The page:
Thanks to @4b5 on Twitter for the link.
Interesting blog post by the American Civil Liberties Union.
Siri can help you secure movie tickets, plan your schedule, and order Chinese food, but when it comes to reproductive health care and services, Siri is clueless.
According to numerous news sources, when asked to find an abortion clinic Siri either draws a blank, or worse refers women to pregnancy crisis centers. As we’ve blogged about in the past, pregnancy crisis centers, which often bill themselves as resources for abortion care, do not provide or refer for abortion and are notorious for providing false and misleading information about abortion. Further, if you’d like to avoid getting pregnant, Siri isn’t much use either. When asked where one can find birth control, apparently Siri comes up blank.
The ACLU put Siri to the test in our Washington D.C. office. When a staffer told Siri she needed an abortion, the iPhone assistant referred her to First Choice Women’s Abortion Info and Pregnancy Center and Human Life Pregnancy-Abortion Information Center. Both are pregnancy crisis centers that do not provide abortion services, and the second center is located miles and miles away in Pennsylvania.
It’s not just that Siri is squeamish about sex. The National Post reports that if you ask Siri where you can have sex, or where to get a blow job, “she” can refer you to a local escort service.
Although it isn’t clear that Apple is intentionally trying to promote an anti-choice agenda, it is distressing that Siri can point you to Viagra, but not the Pill, or help you find an escort, but not an abortion clinic.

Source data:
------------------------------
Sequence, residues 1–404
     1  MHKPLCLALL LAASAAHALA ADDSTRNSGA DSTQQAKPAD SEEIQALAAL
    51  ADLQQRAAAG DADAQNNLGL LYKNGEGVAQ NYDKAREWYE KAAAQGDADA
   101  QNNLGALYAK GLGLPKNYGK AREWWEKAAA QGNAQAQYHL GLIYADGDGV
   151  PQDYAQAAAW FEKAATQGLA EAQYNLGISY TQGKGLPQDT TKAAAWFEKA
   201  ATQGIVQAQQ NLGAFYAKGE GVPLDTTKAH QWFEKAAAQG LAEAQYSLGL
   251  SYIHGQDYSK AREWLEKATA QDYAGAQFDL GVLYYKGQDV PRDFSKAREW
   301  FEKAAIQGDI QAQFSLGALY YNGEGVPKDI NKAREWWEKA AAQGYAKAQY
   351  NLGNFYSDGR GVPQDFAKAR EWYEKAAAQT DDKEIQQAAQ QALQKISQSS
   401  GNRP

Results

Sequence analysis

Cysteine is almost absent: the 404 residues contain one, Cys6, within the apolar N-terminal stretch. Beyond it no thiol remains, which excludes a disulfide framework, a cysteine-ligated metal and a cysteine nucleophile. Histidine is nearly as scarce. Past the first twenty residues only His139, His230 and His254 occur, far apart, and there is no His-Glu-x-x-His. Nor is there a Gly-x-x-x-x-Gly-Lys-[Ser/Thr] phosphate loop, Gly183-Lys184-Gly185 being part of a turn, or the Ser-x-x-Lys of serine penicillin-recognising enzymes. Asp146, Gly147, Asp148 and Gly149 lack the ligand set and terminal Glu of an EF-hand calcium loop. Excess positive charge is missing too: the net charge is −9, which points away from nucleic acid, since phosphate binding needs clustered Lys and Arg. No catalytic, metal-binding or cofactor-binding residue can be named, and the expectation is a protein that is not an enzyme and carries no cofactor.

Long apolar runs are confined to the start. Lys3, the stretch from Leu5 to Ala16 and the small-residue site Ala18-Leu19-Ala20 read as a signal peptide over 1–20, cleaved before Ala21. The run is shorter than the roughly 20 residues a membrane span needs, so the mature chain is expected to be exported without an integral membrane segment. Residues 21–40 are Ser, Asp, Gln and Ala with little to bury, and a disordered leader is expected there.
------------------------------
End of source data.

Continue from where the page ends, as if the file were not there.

Apple’s response, according to CNET:
Apple … is still working out the kinks in the beta service and the problem should be fixed soon.
“Our customers want to use Siri to find out all types of information and while it can find a lot, it doesn’t always find what you want,” Apple spokesman Tom Neumayr said. “These are not intentional omissions meant to offend anyone, it simply means that as we bring Siri from beta to a final product, we find places where we can do better and we will in the coming weeks.”
Although I’m as partial to conspiracy theories as the next mug, somehow I don’t think SIRI’s apparent moral censoriousness is a feature rather than a bug. But it does remind one of the dangers of subcontracting one’s moral judgements to software — as parents, schools and libraries do when they use filtering systems created by software companies whose ideological or moral stances are obscure, to say the least.
An astonishingly thorough review by Anand Lai Shimpl and Brian Klug.
This morning’s Observer column.
Tuesday would be – so the hype machine assured us – iPhone 5 day. But Tuesday came and went and it turned out to be only iPhone 4S day, and the assembled chorus drawn from the Apple-obsessed region of the blogosphere and the “analysts” of Wall Street howled their frustration. Which made one wonder what these people expected – an iPhone 5 that did teleportation? It also made one wonder if anyone on Wall Street has ever heard of the sigmoid function, the universal s-shaped learning curve that shows a progression from small beginnings and accelerates rapidly before creeping slowly towards its maximum point.
The point is that the iPhone has been through the acceleration phase and is now at the point where it can only get incrementally better. What CEO Tim Cook and his colleagues announced on Tuesday represented an implicit acknowledgment of that reality: they announced an incrementally improved product…